My overall impression of visiting the hill tribes was sadness. They are being forced to stay in one place and grow cash crops to integrate into our way of life. One tribe five years before had been self sufficient. Now they had to purchase 80% of their food. One tribe, the Karen, had been converted to Christianity by American Baptist Missionaries in the 1800's. By now they've lost much of their indigenous culture. In a way the Thai aren't much different from the Hill Tribes. They too have lost much of their cultural identification as they have assimilated Western ways. But I suppose this has been happening for many years as one culture dominates the other. The Indians brought their Gods to modify Thai Buddhism. The Khymer people brought their culture and so did the Chinese and the Japanese.
Well, thats all for now. Tomorrow in Chiang Mai!
Tuesday, February 07, 2006
Posting from Chiang Rai
I'm recovering today from a cold so I'm just staying in Chiang Rai today and doing things in town. Still trying to figure out exactly what I'd like to do tomorrow.
Let me catch up on events after leaving Ban Krut.
The train trip was less luxurious than my trip up from Surat Thani - no air conditioning just circulating fans in the roof. The train was crowded for the six hour trip. We had to pay for food this time if we wanted dinner. We were delayed getting into the station. I sensed restlessness in some children in the back. Suddenly I heard an American song being sung in the back of the car. An American woman was singing beautifully all those favorite songs most people know to her children to keep them entertained after the long ride. At first I was a little embarrassed to be listening to farang music but the woman's voice was so beautiful I found I was calmed as well.
As I left the train station a man approached me and asked where I was going and offered me a flat price of 500 baat. I countered with 300 and we agreed on 400. Unfortunately I found out later I should have just used a metered cab and probably paid much less, 150-200. Still being out 5 dollars isn't the end of the world. Live and learn.
The next morning I went over my notes for my lecture. I was pretty sure my talk was at noon but I started getting worried I'd gotten the time wrong. I had almost done this with the train from Chaiya to Ban Krut. I tried checking the World Buddhist University web site and then checked for a telephone number to call someone. No luck finding the time. So Tor drove me in a little before 11:00am. It turned out I had the time right and used the time to do some email checking in the office.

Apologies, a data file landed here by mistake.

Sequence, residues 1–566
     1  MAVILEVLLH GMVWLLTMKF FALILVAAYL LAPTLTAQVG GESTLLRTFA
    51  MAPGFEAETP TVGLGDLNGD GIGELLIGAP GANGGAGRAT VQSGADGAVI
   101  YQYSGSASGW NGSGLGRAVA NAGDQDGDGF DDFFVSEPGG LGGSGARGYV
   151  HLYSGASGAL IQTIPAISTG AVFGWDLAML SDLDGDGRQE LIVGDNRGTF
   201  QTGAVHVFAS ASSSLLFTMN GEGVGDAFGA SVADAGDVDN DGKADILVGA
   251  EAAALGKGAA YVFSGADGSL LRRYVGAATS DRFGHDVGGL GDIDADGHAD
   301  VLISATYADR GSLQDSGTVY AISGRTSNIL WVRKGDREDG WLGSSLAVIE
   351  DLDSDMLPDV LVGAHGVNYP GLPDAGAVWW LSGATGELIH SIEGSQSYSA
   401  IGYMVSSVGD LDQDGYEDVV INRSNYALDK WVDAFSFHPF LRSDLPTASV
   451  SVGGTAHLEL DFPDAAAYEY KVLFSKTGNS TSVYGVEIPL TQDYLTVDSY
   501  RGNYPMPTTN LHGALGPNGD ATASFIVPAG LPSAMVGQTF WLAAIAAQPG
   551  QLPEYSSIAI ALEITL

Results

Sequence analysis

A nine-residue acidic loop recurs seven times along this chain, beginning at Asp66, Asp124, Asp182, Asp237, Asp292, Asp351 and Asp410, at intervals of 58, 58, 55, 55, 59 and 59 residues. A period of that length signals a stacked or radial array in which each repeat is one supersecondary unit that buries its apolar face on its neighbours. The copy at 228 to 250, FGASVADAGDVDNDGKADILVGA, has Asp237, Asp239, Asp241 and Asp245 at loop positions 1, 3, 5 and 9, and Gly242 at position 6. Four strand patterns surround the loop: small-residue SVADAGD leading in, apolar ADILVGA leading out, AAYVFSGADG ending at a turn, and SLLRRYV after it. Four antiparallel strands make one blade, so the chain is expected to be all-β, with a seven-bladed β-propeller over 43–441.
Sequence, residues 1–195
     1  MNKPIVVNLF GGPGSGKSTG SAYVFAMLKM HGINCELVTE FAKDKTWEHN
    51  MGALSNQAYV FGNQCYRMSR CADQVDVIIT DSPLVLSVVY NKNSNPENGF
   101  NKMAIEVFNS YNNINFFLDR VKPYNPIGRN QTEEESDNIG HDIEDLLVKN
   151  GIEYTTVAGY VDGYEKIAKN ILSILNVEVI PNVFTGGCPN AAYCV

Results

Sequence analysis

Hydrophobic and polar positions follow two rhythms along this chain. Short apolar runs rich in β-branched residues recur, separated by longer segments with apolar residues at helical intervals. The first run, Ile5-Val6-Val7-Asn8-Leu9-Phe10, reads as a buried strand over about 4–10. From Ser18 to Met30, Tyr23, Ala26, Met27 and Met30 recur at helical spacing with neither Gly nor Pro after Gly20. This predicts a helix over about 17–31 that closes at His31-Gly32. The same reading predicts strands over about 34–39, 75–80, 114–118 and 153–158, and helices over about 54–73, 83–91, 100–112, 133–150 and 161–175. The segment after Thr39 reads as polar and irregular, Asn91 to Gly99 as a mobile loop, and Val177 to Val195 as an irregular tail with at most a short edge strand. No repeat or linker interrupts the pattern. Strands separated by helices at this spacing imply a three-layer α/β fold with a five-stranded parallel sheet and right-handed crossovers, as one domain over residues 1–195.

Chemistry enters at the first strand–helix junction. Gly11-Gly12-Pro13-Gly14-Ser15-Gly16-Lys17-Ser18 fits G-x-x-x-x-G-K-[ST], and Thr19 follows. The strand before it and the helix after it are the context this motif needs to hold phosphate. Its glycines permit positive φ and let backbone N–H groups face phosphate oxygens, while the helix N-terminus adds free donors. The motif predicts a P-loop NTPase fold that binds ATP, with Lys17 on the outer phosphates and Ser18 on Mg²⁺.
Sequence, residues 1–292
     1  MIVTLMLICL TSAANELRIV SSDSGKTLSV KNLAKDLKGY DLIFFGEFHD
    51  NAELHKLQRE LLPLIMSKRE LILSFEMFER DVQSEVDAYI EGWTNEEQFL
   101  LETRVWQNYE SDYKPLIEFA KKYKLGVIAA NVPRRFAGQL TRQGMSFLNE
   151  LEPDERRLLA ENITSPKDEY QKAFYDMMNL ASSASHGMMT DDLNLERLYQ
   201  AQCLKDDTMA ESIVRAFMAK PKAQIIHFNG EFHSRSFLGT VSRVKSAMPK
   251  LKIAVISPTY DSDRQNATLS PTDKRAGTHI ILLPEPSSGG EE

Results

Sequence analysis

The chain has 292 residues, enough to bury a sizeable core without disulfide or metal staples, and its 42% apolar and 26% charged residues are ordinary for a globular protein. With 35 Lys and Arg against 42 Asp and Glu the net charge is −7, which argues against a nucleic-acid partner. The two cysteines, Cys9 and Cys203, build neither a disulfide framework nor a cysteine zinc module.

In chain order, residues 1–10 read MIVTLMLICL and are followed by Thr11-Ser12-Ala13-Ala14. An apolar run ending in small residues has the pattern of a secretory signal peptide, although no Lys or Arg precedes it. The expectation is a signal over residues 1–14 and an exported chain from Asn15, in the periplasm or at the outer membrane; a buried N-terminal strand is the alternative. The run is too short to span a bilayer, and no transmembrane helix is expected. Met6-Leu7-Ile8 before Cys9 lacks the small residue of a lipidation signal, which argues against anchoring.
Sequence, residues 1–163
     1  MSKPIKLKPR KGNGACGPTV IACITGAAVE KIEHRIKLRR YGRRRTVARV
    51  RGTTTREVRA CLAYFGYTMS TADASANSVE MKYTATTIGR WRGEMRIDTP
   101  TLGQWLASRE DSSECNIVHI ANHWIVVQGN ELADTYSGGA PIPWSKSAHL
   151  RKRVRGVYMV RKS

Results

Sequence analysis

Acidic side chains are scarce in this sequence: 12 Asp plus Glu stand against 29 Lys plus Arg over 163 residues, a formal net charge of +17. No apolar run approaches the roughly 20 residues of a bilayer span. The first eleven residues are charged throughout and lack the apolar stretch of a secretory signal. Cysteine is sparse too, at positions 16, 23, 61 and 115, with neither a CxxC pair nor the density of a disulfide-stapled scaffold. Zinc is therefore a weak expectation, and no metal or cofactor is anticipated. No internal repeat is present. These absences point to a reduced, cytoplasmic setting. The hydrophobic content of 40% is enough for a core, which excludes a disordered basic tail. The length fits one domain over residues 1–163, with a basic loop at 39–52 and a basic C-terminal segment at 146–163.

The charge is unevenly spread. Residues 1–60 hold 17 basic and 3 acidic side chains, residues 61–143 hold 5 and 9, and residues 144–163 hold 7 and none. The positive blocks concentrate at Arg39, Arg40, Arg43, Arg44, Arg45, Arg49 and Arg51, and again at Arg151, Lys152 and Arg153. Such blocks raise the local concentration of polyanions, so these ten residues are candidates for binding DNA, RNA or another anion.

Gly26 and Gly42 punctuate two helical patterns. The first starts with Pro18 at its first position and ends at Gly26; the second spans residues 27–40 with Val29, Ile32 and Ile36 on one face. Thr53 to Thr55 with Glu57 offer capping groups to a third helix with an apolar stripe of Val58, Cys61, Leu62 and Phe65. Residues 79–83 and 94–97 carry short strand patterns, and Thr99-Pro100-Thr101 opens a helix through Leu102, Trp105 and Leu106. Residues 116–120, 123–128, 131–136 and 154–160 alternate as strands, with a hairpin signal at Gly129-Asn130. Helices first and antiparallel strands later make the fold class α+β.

Dr. Chris Stanford introduced me to the small audience that gathered to hear my talk. Evidently there had been a massive demonstration against the prime minister the day before and people were warned to be off the streets. I'm sorry I missed it and would have liked to have been on the streets to witness 100,000 people demonstrating peacefully.
I thought I did a good job presenting some of my biography detailing three crises in my life followed by three awakening experiences. I outlined Unitarian Universalism and the UU Buddhist Fellowship. (A summary will be posted to the wb-university.org web site)
I got a positive response from the dozen people who listened. Several of the people attending were retired Americans. A couple had attended UU congregations in the US. I had hoped perhaps this would turn into a lunch and further conversation but this didn't happen. I was a little disappointed in the attendance and the engagement - as this was the focus of my trip. Still, you plant the seeds and you see what grows. I need to be non-attached to the results. Learning about Ven. Buddhadasa and visiting Suan Mouk has been worth the trip.
I had lunch by myself at the food court at the Emporium mall (which took some time to find) and had this delicious dessert of sticky sweet rice, mango with coconut cream sauce. I decided to walk from the end of the skyway train to Tor and Mem's house. The road was choked with cars and fumes which bothered my throat (perhaps setting up this cold?) Around 95 Surkimvit I found many food stalls offering delicious looking food. What I find interesting is the vast number of stalls selling so many different things. There must be many people buying to support them all. It is the opposite of the American style consolidation into big box stores.
Tan, Jod and her daughters, Mem, Tor, and their daughter, their eldest brother and two golfing partners all gathered for dinner at a local restaurant. The food kept coming long after I couldn't eat another bite. The conversation turned to the oddities of english pronunciation. They would come up with words for me to pronounce and erupt in laughter as I gave the "correct" pronunciation. Thai's struggle with how we create syllables and accent them. I had thought we didn't have a tonal language but in a way we do. Where you put the accent in a word makes a big difference for being understood. Also 'ch' and 'sh' sound the same to them. Ship and chip sound exactly the same to them. They also struggle with 'r' and 'l' sounds.
The next day I met Tan again for some sightseeing. We decided to go down to the river that flows through Bangkok. We considered getting a long boat for a tour but after having lunch opted for just taking the regular ferry service (800 verses 18 baat). We visited Wat Arun. The ornamentation in Wat Arun for the large buildings is made with broken pottery that was used as ballast in ships from China. (look later for a link to some pictures)